1.4 A flat composite panel is fixed between a circular-shaped clamping fixture and a large base fixture each with a large coaxial hole defining a region of the panel that is subjected to impact in the direction normal to the plane of the flat panel by a blunt projectile. Clamping pressure is provided by 28 through bolts that pass through the front clamp, the test specimen, and the back plate. The mass, geometry, desired impact kinetic energy, and impact orientation of the projectile with respect to the panel are specified before the test. Equipment and procedures are required for measuring the actual impact velocity and orientation during the test. The impact penetration resistance can be quantified by either the velocity or kinetic energy required for the projectile to penetrate the test panel fully. A number of tests are required to obtain a statistical probability of penetration for given impact conditions.
1.5 This test method measures the penetration resistance for a specific projectile and test configuration and can be used to screen materials for impact penetration resistance, compare the impact penetration resistance of different composite materials under the same test geometry conditions, or assess the effects of in-service or environmental exposure on the impact penetration resistance of materials.
1.6 The impact penetration resistance is highly dependent on the test panel materials and architecture, projectile geometry and mass, and panel boundary conditions. Results are not generally scalable to other configurations but, for the same test configurations, may be used to assess the relative impact penetration resistance of different materials and fiber architectures.
1.7 The values stated in either SI units or inch-pound units are to be regarded separately as standard. The values stated in each system may not be exact equivalents; therefore, each system shall be used independently of the other. Combining values from the two systems may result in nonconformance with the standard. Within the text, the inch-pound units are shown in brackets.
1.8 This standard does not purport to address all of the safety concerns, if any, associated with its use. It is the responsibility of the user of this standard to establish appropriate safety, health, and environmental practices and determine the applicability of regulatory limitations prior to use.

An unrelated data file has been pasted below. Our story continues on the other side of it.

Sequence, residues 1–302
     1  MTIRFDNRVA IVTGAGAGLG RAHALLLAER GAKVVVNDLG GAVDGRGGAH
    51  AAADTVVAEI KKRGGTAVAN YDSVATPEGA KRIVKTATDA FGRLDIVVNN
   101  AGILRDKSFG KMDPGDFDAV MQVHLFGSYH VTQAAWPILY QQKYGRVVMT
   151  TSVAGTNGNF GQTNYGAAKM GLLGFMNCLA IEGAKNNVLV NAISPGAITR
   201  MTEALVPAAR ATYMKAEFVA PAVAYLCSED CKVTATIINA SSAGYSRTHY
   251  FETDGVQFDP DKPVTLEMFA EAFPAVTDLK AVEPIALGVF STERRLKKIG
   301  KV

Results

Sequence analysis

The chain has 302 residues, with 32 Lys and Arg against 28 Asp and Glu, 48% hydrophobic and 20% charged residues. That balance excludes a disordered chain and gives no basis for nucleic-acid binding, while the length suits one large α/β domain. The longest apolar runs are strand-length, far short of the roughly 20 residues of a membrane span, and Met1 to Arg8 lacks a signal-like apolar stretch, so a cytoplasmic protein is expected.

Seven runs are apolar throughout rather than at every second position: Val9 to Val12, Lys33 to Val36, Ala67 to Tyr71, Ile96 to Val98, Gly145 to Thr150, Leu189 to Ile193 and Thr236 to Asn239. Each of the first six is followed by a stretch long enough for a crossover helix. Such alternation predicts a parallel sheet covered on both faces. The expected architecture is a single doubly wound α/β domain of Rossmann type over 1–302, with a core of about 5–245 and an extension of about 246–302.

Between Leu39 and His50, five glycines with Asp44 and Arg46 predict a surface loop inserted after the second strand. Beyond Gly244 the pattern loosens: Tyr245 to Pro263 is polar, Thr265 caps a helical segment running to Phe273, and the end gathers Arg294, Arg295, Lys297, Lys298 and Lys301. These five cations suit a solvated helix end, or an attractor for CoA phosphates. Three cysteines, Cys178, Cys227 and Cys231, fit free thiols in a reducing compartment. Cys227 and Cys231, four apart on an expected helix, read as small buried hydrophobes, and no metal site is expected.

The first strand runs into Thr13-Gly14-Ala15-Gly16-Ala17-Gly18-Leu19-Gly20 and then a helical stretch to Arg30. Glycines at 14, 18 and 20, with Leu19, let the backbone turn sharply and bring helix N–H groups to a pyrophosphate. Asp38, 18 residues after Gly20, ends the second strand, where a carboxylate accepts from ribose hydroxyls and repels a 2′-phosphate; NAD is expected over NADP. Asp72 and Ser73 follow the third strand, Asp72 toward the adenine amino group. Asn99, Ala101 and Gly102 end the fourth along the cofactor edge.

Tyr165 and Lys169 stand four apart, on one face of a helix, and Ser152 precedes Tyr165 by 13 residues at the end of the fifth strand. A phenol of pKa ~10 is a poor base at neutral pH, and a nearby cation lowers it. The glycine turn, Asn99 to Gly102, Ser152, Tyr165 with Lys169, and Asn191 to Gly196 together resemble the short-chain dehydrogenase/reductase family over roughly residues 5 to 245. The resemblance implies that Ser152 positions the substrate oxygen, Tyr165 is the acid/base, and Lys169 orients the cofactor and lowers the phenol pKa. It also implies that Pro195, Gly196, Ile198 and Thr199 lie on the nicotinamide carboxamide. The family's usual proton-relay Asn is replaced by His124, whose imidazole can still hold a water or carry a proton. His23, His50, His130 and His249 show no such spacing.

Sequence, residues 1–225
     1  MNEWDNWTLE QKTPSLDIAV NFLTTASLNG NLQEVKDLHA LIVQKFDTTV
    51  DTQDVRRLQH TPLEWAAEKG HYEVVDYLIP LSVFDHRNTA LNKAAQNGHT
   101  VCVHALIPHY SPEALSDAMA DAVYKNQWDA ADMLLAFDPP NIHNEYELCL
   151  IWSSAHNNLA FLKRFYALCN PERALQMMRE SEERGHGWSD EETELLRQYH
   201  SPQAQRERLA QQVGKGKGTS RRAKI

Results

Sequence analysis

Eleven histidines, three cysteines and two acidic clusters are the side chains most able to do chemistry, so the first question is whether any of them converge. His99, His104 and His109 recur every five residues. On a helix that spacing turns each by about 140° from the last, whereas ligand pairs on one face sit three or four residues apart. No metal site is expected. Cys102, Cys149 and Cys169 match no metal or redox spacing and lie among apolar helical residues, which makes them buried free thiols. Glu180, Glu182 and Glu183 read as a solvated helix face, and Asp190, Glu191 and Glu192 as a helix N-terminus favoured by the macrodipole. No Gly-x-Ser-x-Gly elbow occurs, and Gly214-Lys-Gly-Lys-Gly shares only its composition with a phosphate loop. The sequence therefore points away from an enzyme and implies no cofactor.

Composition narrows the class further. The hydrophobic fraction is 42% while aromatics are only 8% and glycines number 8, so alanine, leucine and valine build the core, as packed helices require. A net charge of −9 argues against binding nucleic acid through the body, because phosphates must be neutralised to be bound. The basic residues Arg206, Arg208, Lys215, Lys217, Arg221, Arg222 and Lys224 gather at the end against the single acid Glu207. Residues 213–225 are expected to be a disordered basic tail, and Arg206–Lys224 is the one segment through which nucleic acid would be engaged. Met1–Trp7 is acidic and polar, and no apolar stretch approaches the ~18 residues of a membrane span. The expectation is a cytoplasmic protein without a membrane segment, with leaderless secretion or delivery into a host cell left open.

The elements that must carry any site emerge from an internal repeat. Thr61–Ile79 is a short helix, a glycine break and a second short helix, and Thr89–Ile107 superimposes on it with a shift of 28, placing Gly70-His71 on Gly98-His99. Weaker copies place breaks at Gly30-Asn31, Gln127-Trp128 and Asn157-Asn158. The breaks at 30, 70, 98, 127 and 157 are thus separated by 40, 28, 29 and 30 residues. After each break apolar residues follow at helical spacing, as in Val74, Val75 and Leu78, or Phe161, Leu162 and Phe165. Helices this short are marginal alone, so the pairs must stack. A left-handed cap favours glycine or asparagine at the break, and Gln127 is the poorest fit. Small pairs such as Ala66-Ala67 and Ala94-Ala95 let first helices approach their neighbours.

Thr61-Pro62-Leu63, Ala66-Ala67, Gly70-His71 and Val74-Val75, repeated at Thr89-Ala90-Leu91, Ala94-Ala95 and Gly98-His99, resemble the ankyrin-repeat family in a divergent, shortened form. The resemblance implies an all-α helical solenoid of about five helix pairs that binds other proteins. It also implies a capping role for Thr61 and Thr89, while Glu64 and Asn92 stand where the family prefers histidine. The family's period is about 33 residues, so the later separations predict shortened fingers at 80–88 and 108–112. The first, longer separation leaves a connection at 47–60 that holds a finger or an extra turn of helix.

1.9 This international standard was developed in accordance with internationally recognized principles on standardization established in the Decision on Principles for the Development of International Standards, Guides and Recommendations issued by the World Trade Organization Technical Barriers to Trade (TBT) Committee.
2. Referenced Documents (purchase separately) The documents listed below are referenced within the subject standard but are not provided as part of the standard.
A36/A36M Specification for Carbon Structural Steel
D792 Test Methods for Density and Specific Gravity (Relative Density) of Plastics by Displacement
D883 Terminology Relating to Plastics
D3171 Test Methods for Constituent Content of Composite Materials
D3878 Terminology for Composite Materials
D5229/D5229M Test Method for Moisture Absorption Properties and Equilibrium Conditioning of Polymer Matrix Composite Materials
D5687/D5687M Guide for Preparation of Flat Composite Panels with Processing Guidelines for Specimen Preparation
E2533 Guide for Nondestructive Testing of Polymer Matrix Composites Used in Aerospace Applications
NIJ StandardNIJ Standard 0101.06 Body AmorBallistic Resistance
ICS Number Code 49.025.40 (Rubber and plastics)
|Link to Active (This link will always route to the current Active version of the standard.)|
ASTM D8101 / D8101M-18, Standard Test Method for Measuring the Penetration Resistance of Composite Materials to Impact by a Blunt Projectile, ASTM International, West Conshohocken, PA, 2018, www.astm.orgBack to Top